Sunday, September 30, 2007

Sleeping With the Enemy: Week Four, Chiefs @ Chargers

Welcome back for another episode of Sleeping With the Enemy, where we knock heads with a fan of the opposing team. This week, we sat down with Robert Zepeda, who is the Super-Charged hombre over at Bolt Hype. We poked the fire while throwing around household names like Marty Schottenheimer and LaDainian Tomlinson, and attempted to assess what would happen in this afternoon's Chiefs/Chargers throwdown.

Bankmeister: Being a lifelong Chiefs fan, I can't very well begin a discussion about the Chargers' recent issues without probing the past a little. What is your stance on the way the Schottenheimer firing went down? What's the scoop on A.J. Smith? It appears he and Marty didn't get along, and Donnie Edwards has told the media around here that Smith stood in the way of the Chargers success beyond the regular season. Is that a valid statement or is he (Donnie) just bitter? Second, the national "feel," if you will, is that Norv Turner is a good Offensive Coordinator, but not a good head coach, and, well basically, that this team will go down in flames, regardless of their immense talent. I'm curious to hear from a source closer to/more familiar with the team.

Robert Zepeda: There was a growing sense of impatience among Chargers fans. The team was finally winning again and the roster was stacked with elite players. Tomlinson was entering his prime. The stars seemed to be aligning. A Super Bowl seemed to be in the team's fortunes, and fans were drooling. But after going through three winning seasons with not a single playoff win, the blame seemed to fall squarely on Marty Schottenheimer's shoulders. It was, after all, Marty's biggest knock – the inability to win championships.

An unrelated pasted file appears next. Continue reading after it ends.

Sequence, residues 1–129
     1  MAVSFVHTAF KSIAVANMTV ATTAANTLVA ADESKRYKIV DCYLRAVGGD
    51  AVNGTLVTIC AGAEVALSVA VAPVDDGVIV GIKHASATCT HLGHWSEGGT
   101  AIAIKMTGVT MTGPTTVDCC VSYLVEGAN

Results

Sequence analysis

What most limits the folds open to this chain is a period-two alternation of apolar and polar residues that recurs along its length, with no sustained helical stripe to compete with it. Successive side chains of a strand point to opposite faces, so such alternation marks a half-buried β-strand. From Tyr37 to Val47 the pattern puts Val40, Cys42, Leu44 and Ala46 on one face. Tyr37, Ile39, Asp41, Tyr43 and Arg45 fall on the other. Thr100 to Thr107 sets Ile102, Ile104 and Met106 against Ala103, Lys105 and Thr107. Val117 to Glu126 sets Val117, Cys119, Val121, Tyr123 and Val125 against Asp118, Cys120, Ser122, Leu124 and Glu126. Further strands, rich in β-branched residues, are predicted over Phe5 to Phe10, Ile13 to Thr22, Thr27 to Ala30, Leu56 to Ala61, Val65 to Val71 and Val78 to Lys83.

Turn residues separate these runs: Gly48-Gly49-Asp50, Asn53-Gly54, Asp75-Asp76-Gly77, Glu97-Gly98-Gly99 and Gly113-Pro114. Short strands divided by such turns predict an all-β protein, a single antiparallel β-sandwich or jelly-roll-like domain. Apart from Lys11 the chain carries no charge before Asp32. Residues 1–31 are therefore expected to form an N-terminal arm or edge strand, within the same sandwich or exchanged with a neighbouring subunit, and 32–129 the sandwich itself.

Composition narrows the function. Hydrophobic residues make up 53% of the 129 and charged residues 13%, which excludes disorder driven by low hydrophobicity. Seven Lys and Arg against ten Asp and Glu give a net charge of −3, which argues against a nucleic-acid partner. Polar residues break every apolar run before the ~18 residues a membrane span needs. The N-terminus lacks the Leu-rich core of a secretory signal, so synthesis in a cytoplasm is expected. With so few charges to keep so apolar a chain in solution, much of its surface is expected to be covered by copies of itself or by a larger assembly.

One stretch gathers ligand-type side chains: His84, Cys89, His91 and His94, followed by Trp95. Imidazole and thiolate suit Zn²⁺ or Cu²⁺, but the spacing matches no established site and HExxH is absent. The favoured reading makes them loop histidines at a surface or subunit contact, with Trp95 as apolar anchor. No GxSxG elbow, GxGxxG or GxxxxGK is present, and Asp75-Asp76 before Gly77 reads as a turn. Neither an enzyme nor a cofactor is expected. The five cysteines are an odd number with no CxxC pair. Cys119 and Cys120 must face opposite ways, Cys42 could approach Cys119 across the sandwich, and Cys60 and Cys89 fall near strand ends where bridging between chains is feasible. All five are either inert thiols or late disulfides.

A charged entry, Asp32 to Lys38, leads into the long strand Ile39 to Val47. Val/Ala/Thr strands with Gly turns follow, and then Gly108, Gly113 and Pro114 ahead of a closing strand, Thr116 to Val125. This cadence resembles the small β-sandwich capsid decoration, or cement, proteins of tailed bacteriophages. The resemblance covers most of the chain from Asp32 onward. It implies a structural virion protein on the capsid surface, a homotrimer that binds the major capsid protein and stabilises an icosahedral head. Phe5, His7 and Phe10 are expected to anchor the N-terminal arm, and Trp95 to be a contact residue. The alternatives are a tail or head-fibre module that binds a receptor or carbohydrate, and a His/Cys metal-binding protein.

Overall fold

You mention Donnie Edwards – Donnie and Marty were close, and this of course goes back to their days in Kansas City. Unfortunately for them, AJ Smith felt both were overrated. Smith places a priority on not overpaying for players, and would not pay Donnie Edwards what Donnie Edwards wanted. As a result, Edwards turned to the media to push his agenda. He used media to complain about his contract situation and tried to use that as leverage in contract negotiations. This did nothing but annoy AJ Smith, who made it quite clear that Edwards would not be retained. And as for Marty, lets just say that Smith and Schottenheimer had different philosophies about how to win a championship. And winning a championship is certainly something that Schottenheimer knows nothing about.

On that same token, Norv Turner comes to San Diego with a handful of rings. The role he earned those rings, however, is not from the head coaching ranks. Norv Turner is an AJ Smith hire, and it is proving to be his most pivotal decision since becoming GM – even bigger than his choice to let Drew Brees leave via free agency and to move forward with Philip Rivers.

There have certainly been doubters of Norv since before his arrival to San Diego. But three weeks into the season, its now becoming evident that Norv Turner has an effect on the team's ability to be successful. While the Chargers slow start to the season can't totally be blamed on Coach Turner, the man comes with the reputation of being an offensive guru, and yet they are struggling mightily to run the ball and score points. How the Chargers play the next three games (which happen to be divisional games) is going to go a long way to either bury playoff hopes or to keep those hopes alive.